[Qu’on ne dise pas que je aye eu la noble histoire] corrompue par la faveur que je aye eu au conte Gui de Blois qui le me fis faire et qui bien m’en a payé tant que je m’en contempte, pour ce qu’il fut nepveu et si prouchains que filz au conte Loys de Blois, frère germain à saint Charles de Blois, qui, tant qu’il vesqui, fut duc de Bretagne. Nennil vrayement! Car je n’en vueil parler fors que de la verité et aler parmy le trenchant, sans coulourer l’un ne l’autre. Et aussi le gentil sire et conte, qui l’istoire me fist mettre sus et ediffier, ne le voulsist point que je la feisse autrement que vraye.21

Strange as it may seem to us, this insistence on impartiality explains the chronicler’s persistent reliance on oral testimony. He was determined to obtain, then enshrine for all time, the testimony of eyewitness participants in the battles, skirmishes, sieges or military incursions described to him by his interlocutors. The Bascot de Mauléon’s account of how he lived on pillaging comes readily to mind, but this is just one of many such. Froissart lived at a time when oral testimony given in good faith was still revered. Rather than just tax him with credulity, we should perhaps commend him for having so scrupulously interviewed so many informants not just encountered, but sought out (the journeys to Middelburg or Orthez), and interviewed in princely court or by the fireside of some inn or other.

Kings, knights and mercenaries were not his sole sources of information. In the Prologue to the ‘B’ text Froissart refers to ‘le vraie information que j’ay eu des vaillans hommes, chevaliers et escuiers (...) et ossi de aucuns rois d’armes et leurs mareschaus, qui par droit sont et doient estre juste inquisiteur et raporteur de tels besongnes’.22 Heralds and kings of arms were considered in those days arguably the most reliable and impartial sources of information on the conduct of fighting by the chivalric caste23. In like fashion, Froissart expresses his resolve to ‘parler loiaument d’armes’, which is to say, maintain a strict impartiality with regard to combatants in the wars, on whichever side they happened to be fighting.24 Identifying wholeheartedly with the ideology of chivalry, and like the clerks of the monarchical orders, Froissart becomes the accredited memorialist of a caste to which he could otherwise not have aspired. In the Prologue to the ‘B’ version of Book I he goes so far as to rework the old topos of the Three Orders, replacing the oratores (those who pray for the welfare of those who fight : the bishops, and later on the clergy as a whole) with those whose duty it is to cronisier the exploits of the knights:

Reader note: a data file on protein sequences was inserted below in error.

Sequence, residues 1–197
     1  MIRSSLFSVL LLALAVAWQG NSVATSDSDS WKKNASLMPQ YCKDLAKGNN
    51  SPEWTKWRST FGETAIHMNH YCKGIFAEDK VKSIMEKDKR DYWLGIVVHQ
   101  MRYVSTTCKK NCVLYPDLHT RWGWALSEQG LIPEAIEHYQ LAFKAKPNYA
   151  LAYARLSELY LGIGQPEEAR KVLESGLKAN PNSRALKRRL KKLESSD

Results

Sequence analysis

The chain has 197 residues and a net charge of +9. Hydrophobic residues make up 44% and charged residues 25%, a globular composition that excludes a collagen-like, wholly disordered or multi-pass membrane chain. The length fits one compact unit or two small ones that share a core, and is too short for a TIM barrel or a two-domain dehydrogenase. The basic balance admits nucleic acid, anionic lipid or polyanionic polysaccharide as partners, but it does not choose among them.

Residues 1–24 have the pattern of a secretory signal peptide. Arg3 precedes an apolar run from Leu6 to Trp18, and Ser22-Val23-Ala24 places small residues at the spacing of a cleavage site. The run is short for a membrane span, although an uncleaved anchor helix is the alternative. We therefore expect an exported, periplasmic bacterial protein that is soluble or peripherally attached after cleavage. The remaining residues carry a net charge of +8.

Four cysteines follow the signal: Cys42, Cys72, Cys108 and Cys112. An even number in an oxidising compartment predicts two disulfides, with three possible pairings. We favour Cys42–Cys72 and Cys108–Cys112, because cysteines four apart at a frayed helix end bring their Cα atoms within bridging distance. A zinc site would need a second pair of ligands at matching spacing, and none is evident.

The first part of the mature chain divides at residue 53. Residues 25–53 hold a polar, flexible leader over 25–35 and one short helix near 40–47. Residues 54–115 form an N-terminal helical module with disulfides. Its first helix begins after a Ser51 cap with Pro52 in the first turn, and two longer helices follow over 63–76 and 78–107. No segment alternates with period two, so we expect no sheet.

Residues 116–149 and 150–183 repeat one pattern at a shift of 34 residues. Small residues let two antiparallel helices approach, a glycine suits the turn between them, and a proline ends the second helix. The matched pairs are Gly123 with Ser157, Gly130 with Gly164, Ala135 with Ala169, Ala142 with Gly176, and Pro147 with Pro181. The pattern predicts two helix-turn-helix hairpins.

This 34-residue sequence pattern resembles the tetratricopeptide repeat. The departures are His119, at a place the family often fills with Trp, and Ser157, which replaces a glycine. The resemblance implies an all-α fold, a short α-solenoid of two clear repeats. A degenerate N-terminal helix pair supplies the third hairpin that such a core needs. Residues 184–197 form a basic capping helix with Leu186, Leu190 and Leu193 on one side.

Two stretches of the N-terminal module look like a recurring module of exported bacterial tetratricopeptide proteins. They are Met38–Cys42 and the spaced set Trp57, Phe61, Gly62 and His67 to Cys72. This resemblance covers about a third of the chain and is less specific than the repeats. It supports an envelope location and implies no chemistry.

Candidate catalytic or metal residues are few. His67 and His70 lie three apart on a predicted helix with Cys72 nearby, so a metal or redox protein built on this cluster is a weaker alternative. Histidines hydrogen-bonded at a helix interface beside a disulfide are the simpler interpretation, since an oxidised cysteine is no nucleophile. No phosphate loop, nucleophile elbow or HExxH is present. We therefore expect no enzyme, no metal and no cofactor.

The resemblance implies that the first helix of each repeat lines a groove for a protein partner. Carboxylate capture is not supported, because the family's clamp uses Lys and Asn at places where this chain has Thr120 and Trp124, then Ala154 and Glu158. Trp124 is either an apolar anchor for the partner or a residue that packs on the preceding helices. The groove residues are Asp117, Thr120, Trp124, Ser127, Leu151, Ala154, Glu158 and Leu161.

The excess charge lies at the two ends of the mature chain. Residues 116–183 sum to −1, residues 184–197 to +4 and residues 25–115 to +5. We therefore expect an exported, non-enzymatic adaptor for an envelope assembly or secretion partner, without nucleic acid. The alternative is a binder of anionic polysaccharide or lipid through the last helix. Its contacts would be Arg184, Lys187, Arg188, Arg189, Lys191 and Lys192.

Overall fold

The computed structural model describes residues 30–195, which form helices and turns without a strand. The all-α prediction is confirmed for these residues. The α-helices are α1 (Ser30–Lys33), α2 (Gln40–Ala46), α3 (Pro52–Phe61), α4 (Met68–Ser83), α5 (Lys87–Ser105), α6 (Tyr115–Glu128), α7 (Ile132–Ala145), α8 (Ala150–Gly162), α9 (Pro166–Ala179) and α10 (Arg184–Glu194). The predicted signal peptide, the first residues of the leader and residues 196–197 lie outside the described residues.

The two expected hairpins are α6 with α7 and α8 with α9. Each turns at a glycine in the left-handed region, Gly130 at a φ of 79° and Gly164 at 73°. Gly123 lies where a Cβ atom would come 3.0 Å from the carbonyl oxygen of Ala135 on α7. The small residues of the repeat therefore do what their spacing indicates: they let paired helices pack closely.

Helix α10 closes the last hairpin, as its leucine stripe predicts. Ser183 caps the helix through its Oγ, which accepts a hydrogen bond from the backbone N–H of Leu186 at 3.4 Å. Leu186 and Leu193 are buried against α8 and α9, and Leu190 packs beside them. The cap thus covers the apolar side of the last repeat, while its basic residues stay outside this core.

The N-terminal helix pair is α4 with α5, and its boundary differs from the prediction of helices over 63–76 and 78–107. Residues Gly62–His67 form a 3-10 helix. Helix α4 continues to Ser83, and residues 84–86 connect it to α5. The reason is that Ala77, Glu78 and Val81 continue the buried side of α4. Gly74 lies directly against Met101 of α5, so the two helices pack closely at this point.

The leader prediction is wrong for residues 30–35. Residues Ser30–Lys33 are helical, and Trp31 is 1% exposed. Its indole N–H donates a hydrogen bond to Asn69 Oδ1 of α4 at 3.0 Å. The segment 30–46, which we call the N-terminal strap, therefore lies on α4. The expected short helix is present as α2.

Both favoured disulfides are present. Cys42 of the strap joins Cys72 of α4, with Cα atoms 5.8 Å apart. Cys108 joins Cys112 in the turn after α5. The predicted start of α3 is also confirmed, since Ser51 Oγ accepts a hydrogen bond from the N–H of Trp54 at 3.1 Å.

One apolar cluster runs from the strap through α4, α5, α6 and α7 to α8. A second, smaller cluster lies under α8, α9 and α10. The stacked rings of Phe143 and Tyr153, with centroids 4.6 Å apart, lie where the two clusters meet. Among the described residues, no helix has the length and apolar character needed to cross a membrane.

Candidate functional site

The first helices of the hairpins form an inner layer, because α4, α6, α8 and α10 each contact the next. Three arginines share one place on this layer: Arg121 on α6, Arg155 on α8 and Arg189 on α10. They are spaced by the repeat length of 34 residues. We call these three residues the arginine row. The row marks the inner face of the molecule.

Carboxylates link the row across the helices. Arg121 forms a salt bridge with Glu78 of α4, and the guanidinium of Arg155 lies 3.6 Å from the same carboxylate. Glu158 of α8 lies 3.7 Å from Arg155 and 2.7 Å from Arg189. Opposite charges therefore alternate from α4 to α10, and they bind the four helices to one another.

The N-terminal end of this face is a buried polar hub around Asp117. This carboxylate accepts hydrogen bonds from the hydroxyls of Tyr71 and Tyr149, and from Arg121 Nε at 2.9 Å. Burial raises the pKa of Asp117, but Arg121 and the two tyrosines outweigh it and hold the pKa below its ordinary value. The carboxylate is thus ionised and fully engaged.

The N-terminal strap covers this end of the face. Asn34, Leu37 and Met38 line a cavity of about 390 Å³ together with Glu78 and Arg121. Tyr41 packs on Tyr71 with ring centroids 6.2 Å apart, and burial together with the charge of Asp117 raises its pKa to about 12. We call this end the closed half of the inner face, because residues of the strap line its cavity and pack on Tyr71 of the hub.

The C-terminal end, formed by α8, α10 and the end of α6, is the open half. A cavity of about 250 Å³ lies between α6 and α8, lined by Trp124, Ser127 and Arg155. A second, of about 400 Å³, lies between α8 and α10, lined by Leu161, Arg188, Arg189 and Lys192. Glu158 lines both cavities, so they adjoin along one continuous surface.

Li vaillant homme traveillent leurs membres en armes, pour avancier leurs corps et acroistre leur honneur. Li peuples parolle, recorde et devise de leurs estas, et de leur fortunes. Li aucun clerch escrisent et registrent leurs avenues et baceleries (Prologue, premier livre, mss ‘B’; éd. de la SHF, I, 5; see also Online Froissart, Paris BnF ms. fr. 6477, fol. 3v).

The Prologue to the final version of Book I (conserved in Vatican Library ms. Reg. lat. 869, composed around 1399-1404) underscores still more insistently the honourable function of memorialist that is now the preserve of the chronicler: